A Lesson in Writing Types

No Content - Chris Dlugosz

If you’ve ever sat down to read through every piece of literature that comes out of a single company, you’d notice that there are differences. While the general language and terminology stays the same – after all, that’s branding for you – the tone, content and appearance change. This is due to the fact that good content is geared to its purpose, and each piece of literature has a unique and specific purpose.

Marketing Writing (aka Copywriting)

This is the umbrella term for any form of content with a “marketing” bend. It includes Social Marketing, Content Marketing, Web Marketing and more.

Marketing writing has a single purpose – to get the reader to take action. It doesn’t matter if it’s to go out and buy a product, or to click a link for more information. That being said, Marketing Writing can include informational, promotional, statistical and even technical writing. The different between it and the following types of writing is it’s purpose – action is required.

Content Writing

This type of writing includes any content that is not meant to market a product: web sites specifically for informational purposes, brochures or articles intended to inform, not promote. Information without the desire to persuade or influence someone is covered in this category. The writing style tries to remain neutral and strictly informational (think Wikipedia), but can be creative and fun.

Technical Writing

The name kind of speaks for itself – most of this writing is technical. We’re talking product descriptions, instruction manuals, warning tags and care manuals. Need a guide on how to use your product? You’re looking for a technical writer.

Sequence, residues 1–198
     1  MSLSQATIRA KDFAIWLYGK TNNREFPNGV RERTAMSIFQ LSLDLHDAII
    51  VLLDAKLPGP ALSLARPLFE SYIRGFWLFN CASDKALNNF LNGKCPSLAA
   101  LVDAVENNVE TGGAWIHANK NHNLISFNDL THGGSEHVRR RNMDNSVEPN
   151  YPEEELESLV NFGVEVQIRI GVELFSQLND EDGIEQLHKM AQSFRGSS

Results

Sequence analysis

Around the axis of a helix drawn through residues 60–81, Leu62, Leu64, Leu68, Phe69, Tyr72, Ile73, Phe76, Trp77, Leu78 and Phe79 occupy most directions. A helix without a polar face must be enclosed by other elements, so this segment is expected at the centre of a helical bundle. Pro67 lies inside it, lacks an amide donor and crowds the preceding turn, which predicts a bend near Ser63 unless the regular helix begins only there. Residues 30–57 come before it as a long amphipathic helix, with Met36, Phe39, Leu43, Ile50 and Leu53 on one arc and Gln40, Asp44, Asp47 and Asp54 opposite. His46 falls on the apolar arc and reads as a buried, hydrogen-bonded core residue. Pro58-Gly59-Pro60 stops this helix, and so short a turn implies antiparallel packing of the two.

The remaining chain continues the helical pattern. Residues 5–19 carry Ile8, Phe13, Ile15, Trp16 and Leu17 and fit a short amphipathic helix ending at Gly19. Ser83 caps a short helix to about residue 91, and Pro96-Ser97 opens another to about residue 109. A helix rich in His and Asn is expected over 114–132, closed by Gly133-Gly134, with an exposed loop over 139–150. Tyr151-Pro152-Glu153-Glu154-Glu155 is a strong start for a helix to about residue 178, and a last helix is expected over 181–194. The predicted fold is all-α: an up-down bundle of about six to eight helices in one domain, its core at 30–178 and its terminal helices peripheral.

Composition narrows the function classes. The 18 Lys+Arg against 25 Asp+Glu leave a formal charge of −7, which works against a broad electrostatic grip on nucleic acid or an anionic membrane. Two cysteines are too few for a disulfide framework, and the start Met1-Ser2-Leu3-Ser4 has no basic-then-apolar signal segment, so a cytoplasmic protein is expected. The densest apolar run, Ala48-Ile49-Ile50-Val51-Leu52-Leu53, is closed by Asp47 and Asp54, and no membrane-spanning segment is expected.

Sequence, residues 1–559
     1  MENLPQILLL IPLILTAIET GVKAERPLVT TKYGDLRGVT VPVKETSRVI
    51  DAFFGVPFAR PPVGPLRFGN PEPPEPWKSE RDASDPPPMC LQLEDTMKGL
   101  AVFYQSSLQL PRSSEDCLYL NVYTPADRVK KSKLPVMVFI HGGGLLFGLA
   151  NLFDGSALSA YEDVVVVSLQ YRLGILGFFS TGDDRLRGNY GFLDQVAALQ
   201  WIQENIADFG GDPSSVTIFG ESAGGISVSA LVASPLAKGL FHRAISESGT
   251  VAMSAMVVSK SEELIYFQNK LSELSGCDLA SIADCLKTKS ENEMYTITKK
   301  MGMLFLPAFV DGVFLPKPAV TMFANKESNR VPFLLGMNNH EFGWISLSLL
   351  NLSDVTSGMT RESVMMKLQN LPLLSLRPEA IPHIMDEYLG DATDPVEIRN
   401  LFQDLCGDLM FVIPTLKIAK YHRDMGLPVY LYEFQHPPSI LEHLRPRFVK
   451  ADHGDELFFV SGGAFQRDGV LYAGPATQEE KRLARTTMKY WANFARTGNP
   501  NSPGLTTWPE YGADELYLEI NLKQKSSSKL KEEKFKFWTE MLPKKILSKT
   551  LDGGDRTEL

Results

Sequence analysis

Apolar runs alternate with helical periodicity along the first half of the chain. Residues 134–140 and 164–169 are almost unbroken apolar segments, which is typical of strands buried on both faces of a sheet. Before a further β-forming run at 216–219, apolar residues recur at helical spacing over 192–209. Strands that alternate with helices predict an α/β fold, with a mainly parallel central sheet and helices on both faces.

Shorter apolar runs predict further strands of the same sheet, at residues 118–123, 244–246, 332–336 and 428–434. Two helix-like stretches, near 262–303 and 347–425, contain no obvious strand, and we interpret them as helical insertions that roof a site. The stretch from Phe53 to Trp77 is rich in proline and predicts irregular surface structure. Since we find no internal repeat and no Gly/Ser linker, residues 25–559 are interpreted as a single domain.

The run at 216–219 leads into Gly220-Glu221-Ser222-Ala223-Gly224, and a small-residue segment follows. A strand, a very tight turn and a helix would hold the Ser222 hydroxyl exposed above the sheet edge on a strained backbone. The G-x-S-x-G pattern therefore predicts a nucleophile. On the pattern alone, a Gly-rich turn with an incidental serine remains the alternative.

Also informative, technical writing and content writing sometimes overlap. The difference is in entertainment – technical writing is almost never entertaining, while content writing can be, providing it’s done well.

Public Relations Writing

This includes press releases, backgrounders, position papers, content for print and broadcasting, media kits, media pitches, speeches, presentations and more. The purpose of public relations writing is to tailor a message for a particular media and for the public; to inform the masses with information, research, trend analysis, predictions and more in order to counsel them into implementing a planned program or action that will serve their interest. Pretty dry sounding, right? It’s not, though. It is a useful tool that helps many businesses.

Business Writing

This is the term for the memos, reports, emails and communications that happen within a company. Internal business communications have many authors and thus many different tones. The trick to business writing is to keep everything concise and organized, so that the reader (especially if it’s your CEO or President) won’t have to spend too much time reading it. Use headings, bullets and paragraph separators, as they pull the eye and make life easier.

If you have any questions or need help with one of these styles of writing, feel free to contact me. I am more than happy to help.